Another thing you’ll need to consider is what your drumstick is made out of. They are made out of a number of different materials, which can affect how they sound against your drums. The most common material is hickory, which produces a reliable and consistent sound. Oak is also used and it provides great momentum and rebound, great for intense playing styles. It is heavier and denser than hickory, so it will also last you longer. If you’re trying to produce fast and complex sounds, maple is a great material because it is both light and flexible. Not all sticks are made out of wood, though. Some are made from synthetic materials, such as metal or plastic. The benefit of synthetic materials is that they tend to offer more control over sound than wood does.
Not only is the material of drumsticks different, but there can be different tip types as well. The shape and material of tips can impact the sound you’ll produce, so you’ll want to keep that in mind too when choosing a stick.
There are five main tip shapes: oval, ball, barrel, teardrop, and acorn. Oval will give you the most versatility in sound, If you’re looking for a crisp and bright sound, then a ball shape will serve you well. A barrel shape is great if you’re looking to produce a loud and punchy sound, while a teardrop shape will create warm but low tones. Last but not least, an acorn shape will produce a full, rich sound.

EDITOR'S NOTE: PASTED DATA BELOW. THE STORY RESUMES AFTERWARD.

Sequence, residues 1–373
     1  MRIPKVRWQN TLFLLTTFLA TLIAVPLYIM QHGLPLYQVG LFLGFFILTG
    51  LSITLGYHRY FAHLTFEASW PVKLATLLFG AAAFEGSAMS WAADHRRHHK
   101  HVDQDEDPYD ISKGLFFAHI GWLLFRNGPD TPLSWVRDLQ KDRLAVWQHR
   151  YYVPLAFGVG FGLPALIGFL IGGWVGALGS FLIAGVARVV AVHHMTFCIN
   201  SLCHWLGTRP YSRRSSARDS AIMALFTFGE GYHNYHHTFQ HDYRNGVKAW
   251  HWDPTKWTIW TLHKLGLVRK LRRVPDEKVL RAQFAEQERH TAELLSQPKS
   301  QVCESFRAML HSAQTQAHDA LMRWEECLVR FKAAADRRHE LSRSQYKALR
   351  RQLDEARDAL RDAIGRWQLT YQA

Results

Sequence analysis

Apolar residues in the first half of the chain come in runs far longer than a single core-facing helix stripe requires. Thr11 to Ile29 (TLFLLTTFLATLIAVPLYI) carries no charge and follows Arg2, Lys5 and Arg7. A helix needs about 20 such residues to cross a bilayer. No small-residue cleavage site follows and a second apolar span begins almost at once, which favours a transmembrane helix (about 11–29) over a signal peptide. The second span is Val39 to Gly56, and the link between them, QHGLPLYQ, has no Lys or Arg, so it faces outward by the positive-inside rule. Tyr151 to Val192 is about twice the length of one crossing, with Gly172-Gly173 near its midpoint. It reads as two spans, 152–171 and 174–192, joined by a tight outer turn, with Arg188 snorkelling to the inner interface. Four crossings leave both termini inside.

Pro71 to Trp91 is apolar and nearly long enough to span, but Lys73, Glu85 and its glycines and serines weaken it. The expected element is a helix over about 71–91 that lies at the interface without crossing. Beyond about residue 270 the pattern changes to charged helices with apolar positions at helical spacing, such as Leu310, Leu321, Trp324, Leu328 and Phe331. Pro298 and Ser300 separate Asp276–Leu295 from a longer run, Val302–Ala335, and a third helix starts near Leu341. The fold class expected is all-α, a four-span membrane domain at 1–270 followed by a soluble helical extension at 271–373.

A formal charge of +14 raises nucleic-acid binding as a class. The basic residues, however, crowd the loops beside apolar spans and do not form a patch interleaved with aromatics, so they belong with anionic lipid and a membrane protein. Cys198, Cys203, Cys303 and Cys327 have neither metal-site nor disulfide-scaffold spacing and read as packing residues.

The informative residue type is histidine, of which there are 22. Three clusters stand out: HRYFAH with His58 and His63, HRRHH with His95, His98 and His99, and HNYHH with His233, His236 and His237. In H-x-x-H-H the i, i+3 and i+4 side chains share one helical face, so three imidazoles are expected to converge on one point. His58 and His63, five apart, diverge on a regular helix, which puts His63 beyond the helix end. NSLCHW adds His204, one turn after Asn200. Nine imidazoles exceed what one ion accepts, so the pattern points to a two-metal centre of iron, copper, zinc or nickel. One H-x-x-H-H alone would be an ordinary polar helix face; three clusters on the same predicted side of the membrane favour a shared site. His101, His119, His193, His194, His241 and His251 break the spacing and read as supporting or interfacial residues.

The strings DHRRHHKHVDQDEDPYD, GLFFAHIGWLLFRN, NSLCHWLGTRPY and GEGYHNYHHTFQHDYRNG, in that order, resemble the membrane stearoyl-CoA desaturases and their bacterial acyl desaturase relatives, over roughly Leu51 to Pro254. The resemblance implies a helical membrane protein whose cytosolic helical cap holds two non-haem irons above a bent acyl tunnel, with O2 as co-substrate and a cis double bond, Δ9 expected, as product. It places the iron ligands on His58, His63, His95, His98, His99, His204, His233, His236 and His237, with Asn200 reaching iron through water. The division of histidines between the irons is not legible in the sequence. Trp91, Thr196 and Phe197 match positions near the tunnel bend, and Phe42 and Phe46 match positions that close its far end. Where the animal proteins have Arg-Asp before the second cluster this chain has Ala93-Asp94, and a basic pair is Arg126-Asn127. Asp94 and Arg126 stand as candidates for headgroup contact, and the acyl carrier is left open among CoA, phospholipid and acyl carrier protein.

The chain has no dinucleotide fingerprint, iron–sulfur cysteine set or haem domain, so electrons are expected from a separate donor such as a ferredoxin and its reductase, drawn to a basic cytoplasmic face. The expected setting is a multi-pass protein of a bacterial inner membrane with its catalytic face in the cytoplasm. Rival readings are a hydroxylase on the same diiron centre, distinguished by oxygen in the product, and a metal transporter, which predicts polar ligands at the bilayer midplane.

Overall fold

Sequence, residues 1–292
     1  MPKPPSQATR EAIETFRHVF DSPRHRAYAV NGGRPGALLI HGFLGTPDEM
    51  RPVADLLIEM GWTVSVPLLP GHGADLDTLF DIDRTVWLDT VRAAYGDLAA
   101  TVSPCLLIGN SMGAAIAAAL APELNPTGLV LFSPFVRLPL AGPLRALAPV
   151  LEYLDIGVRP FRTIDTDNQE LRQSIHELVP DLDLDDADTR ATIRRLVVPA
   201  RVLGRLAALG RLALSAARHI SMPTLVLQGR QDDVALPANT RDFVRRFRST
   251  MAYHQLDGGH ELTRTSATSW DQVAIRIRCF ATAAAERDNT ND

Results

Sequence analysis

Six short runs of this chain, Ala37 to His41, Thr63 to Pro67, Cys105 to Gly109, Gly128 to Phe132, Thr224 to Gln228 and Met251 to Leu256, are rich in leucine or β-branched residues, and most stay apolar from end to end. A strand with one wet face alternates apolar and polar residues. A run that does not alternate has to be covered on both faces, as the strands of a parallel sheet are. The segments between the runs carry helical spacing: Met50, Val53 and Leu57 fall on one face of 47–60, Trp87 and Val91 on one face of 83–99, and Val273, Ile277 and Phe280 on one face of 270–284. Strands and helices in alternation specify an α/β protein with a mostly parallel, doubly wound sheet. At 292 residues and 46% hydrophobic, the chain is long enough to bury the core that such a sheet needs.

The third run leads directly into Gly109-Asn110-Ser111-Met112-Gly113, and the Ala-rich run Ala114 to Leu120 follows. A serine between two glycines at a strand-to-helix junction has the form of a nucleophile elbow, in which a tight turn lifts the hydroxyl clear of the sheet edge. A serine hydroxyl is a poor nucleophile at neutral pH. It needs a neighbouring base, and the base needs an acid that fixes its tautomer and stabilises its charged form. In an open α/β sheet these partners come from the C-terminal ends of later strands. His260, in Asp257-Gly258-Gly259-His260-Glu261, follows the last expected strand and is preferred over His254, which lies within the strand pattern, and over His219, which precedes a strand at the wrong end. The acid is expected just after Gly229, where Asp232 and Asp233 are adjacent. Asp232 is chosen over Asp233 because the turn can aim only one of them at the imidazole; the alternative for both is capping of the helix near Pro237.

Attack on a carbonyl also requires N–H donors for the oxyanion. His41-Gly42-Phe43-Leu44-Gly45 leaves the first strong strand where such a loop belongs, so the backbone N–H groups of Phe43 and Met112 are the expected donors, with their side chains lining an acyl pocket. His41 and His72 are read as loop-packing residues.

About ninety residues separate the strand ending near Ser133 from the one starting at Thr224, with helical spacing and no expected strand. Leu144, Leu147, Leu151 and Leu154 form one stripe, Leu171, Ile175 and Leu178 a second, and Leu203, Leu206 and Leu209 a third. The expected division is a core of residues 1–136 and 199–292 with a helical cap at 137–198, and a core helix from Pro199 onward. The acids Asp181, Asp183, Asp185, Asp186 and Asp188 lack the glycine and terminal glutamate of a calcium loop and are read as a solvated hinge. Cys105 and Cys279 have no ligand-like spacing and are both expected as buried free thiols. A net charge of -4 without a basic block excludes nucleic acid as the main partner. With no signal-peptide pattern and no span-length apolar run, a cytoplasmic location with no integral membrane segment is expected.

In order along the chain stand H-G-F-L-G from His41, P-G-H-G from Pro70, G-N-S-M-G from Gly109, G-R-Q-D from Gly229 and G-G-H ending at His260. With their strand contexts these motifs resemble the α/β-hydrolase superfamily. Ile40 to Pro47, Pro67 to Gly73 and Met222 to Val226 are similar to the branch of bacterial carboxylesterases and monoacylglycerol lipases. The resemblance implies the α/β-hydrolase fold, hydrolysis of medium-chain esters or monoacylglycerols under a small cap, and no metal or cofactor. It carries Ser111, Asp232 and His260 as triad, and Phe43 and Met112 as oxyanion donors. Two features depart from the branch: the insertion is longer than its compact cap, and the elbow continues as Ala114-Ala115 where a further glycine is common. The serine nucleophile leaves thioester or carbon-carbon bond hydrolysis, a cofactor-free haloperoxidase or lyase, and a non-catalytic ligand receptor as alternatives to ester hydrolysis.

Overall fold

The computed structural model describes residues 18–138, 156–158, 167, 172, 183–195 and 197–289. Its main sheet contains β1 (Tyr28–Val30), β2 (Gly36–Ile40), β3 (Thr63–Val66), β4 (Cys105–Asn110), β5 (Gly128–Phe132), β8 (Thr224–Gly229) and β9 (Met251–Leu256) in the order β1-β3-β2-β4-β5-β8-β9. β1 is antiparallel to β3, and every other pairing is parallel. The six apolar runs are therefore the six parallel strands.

Not only are there different shapes, but tips are made out of two common materials: wood and nylon. Nylon tips create a brighter sound than wood tips, which create a warm and full sound. Nylon tips are also extremely durable and will last you much longer than wooden tips.
There are many different combinations of drumsticks that you can get, but at the end of the day, you’ll find that some drumsticks might be better for you than others.
Why should you buy a new pair of drumsticks?
You can never have too many pairs of drumsticks on hand, especially if you tend to misplace them. If you like to play different musical styles on your drums, then having different drumsticks on hand can help you change up the sound you produce by hitting the drums. It’s also a good idea to have extra drumsticks on hand because they can wear out pretty quickly depending on a few factors. If you play aggressively and intensely, then how you hit the drums might cause your sticks to wear out relatively quickly. What’s more, the angle at which you hit the drum can affect the wear and tear on your drumsticks. You might find yourself needing a new pair every month or so. What you’re hitting also impacts the wear and tear of drumsticks. For example, cymbals tend to cause damage to drumsticks because of the angle you’re hitting them at. What’s required here to decide if you need a new pair of drumsticks is understanding of how you play, if you play multiple styles of music, and how aggressively you play.
If you are a drummer still looking for a drum set, check out our favorites here.